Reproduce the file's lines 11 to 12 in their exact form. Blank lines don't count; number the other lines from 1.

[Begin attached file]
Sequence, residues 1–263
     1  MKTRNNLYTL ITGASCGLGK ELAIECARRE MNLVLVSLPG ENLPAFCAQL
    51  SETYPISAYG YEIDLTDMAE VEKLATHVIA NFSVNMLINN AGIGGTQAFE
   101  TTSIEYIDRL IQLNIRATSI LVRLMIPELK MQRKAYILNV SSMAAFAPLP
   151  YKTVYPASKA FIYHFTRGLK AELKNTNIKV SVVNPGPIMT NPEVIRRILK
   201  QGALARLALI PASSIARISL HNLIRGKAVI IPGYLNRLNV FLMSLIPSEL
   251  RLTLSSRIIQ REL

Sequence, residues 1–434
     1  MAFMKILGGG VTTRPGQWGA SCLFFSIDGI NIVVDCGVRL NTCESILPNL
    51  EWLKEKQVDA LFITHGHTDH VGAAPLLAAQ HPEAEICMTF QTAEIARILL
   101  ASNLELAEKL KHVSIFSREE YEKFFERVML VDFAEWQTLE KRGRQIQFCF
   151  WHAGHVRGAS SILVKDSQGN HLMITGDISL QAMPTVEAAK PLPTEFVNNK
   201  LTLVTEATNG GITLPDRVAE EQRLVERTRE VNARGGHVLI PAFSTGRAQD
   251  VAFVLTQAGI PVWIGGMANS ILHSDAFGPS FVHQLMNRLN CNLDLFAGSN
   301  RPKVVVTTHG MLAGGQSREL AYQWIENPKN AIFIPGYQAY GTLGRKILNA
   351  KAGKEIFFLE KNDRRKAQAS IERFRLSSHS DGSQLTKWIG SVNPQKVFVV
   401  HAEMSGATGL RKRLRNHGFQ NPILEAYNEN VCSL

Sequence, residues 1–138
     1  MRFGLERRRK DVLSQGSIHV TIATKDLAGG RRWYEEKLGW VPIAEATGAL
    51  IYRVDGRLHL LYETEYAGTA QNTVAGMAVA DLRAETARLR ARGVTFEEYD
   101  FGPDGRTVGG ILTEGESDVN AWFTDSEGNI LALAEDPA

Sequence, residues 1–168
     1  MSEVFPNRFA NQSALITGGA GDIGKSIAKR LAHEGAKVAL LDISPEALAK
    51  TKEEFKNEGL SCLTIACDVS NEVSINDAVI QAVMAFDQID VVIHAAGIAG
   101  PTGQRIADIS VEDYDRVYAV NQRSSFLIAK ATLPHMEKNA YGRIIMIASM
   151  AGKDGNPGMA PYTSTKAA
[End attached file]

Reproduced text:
   101  ASNLELAEKL KHVSIFSREE YEKFFERVML VDFAEWQTLE KRGRQIQFCF
   151  WHAGHVRGAS SILVKDSQGN HLMITGDISL QAMPTVEAAK PLPTEFVNNK